To determine if the anti-CPBAg1 antibodies generated by mouse immunization were effective at blocking the transmission of Plasmodium, immunized and control mice were infected with P. berghei and used to feed mosquitoes. On day 3 after parasite injection, parasitemias and gametocytemias were in the same range in control mice and immunized mice within each experimental group. As shown in Fig. Fig.6A,6A, the rate of infection was significantly reduced in mosquitoes fed on CPBAg1-immunized mice from both groups compared to their respective controls, which consisted of mosquitoes fed on mice injected with adjuvant and PBS alone. In mosquitoes that developed oocysts, the mean number of oocysts was similar between control and immunized mice in all instances but three (Fig. (Fig.6B6B and data not shown). Interestingly, the transmission-blocking immunity (TBI) was effective as early as 3 weeks after the first immunization (group 1). In group 1, immunization with CPBAg1 led to a mean reduction of 63% in the number of infected mosquitoes. In group 2 (booster group), the mean reduction in the rate of infection reached only 51%, despite the fact that the antibody titer in this group was higher than in the group receiving a single injection. The lower TBI observed in group 2 might be due to the smaller size of this experimental group.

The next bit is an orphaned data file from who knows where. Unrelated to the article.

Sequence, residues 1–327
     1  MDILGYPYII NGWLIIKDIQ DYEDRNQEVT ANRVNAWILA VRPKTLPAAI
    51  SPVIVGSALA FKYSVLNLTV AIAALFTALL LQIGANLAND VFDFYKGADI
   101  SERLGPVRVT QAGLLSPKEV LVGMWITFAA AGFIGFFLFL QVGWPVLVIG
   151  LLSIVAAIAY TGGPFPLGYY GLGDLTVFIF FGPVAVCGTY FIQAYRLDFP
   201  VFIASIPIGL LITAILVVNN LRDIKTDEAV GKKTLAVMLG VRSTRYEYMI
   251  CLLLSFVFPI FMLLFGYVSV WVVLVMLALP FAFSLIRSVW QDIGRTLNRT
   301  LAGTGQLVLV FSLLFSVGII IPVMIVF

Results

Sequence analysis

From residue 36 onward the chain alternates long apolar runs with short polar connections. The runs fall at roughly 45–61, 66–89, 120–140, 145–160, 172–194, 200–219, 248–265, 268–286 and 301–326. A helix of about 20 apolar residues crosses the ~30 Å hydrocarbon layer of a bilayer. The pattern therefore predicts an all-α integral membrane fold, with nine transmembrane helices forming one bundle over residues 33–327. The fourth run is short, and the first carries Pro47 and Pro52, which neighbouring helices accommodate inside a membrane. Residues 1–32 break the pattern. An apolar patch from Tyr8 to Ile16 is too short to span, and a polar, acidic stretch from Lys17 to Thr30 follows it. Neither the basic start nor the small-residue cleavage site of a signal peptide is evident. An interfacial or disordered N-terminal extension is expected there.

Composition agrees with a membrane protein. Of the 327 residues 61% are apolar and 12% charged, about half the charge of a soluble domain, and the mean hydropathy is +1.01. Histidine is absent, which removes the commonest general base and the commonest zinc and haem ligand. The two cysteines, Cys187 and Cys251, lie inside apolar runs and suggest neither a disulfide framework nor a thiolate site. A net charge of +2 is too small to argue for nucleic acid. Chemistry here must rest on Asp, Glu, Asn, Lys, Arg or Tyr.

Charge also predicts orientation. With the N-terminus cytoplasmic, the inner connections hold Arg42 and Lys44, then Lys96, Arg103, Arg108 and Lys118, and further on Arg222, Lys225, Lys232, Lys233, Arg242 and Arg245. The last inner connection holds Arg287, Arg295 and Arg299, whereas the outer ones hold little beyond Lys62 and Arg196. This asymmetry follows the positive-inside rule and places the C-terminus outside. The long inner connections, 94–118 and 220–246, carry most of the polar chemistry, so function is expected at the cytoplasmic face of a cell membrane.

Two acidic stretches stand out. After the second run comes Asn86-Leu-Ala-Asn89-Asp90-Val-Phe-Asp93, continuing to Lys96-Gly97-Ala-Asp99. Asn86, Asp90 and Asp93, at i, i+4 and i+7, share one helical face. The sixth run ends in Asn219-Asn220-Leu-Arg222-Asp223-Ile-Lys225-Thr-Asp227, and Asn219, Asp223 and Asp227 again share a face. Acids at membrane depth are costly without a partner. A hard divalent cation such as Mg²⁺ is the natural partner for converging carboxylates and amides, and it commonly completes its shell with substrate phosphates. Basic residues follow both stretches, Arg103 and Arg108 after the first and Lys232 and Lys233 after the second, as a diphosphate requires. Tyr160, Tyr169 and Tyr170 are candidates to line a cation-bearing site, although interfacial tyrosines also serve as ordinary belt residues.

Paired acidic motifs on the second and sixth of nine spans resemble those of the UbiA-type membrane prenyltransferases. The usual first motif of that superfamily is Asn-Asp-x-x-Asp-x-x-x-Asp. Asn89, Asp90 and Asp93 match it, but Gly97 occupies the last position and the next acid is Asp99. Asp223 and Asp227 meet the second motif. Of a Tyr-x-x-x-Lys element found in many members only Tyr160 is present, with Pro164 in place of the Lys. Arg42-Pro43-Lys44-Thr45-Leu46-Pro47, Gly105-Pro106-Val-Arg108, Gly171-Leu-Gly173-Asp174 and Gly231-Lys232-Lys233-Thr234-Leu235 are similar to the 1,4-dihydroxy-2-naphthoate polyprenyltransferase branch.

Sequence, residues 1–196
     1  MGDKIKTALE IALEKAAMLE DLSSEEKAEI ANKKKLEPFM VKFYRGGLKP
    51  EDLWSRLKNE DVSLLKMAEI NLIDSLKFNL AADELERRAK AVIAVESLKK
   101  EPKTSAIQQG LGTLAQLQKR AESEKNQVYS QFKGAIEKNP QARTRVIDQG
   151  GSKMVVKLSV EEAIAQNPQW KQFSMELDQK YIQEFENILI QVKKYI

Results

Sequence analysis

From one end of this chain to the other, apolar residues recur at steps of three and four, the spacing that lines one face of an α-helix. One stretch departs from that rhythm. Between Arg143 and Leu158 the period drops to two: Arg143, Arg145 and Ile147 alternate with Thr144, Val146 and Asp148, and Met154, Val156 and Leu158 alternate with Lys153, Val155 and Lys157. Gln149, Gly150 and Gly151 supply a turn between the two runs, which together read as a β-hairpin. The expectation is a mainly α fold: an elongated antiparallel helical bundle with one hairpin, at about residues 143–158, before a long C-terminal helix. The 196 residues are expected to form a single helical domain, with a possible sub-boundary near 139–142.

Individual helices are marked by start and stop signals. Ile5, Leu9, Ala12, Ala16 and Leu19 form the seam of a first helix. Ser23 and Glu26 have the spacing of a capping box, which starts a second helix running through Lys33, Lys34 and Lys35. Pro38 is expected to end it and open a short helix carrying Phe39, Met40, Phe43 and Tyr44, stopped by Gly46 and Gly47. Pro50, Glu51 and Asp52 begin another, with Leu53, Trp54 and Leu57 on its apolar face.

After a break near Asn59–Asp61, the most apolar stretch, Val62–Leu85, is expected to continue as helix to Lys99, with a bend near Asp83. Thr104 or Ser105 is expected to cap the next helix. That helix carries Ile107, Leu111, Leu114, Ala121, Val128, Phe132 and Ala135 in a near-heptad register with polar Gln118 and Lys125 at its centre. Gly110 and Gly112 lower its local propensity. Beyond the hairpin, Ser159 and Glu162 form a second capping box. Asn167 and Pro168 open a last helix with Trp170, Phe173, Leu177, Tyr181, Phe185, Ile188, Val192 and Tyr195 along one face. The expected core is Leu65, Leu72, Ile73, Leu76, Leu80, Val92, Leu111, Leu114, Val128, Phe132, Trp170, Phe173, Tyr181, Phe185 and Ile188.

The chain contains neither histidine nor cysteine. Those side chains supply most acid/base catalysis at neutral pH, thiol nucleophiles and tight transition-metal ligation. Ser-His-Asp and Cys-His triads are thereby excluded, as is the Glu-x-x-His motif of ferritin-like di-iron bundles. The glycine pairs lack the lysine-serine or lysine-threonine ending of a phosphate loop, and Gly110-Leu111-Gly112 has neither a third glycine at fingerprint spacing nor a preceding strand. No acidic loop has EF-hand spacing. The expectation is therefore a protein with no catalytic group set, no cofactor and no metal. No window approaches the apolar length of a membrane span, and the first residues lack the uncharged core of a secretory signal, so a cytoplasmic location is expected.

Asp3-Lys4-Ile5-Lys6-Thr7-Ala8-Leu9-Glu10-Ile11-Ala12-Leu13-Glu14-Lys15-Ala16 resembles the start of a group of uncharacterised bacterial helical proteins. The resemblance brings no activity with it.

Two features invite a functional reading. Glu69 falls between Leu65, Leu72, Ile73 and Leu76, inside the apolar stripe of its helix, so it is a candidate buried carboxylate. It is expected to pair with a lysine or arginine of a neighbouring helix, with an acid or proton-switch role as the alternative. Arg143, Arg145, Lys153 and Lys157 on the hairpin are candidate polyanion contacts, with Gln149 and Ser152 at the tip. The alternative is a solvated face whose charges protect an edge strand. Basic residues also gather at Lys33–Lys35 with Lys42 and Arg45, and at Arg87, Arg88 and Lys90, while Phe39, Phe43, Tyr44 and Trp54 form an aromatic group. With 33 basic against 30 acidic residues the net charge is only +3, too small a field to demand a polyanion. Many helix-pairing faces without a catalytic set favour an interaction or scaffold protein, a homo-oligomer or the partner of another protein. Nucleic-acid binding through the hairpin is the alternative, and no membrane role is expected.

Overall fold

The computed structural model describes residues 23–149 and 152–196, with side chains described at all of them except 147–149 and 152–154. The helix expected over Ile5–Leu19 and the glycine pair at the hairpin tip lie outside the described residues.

FIG. 6.
P. berghei transmission-blocking assays. The development of P. berghei was monitored in A. gambiae mosquitoes fed on control mice and mice immunized with CPBAg1. Data are expressed as the rate of infected mosquitoes determined by counting oocysts on mosquito ...

Anti-CPBAg1 serum reduces mosquito reproductive capacity.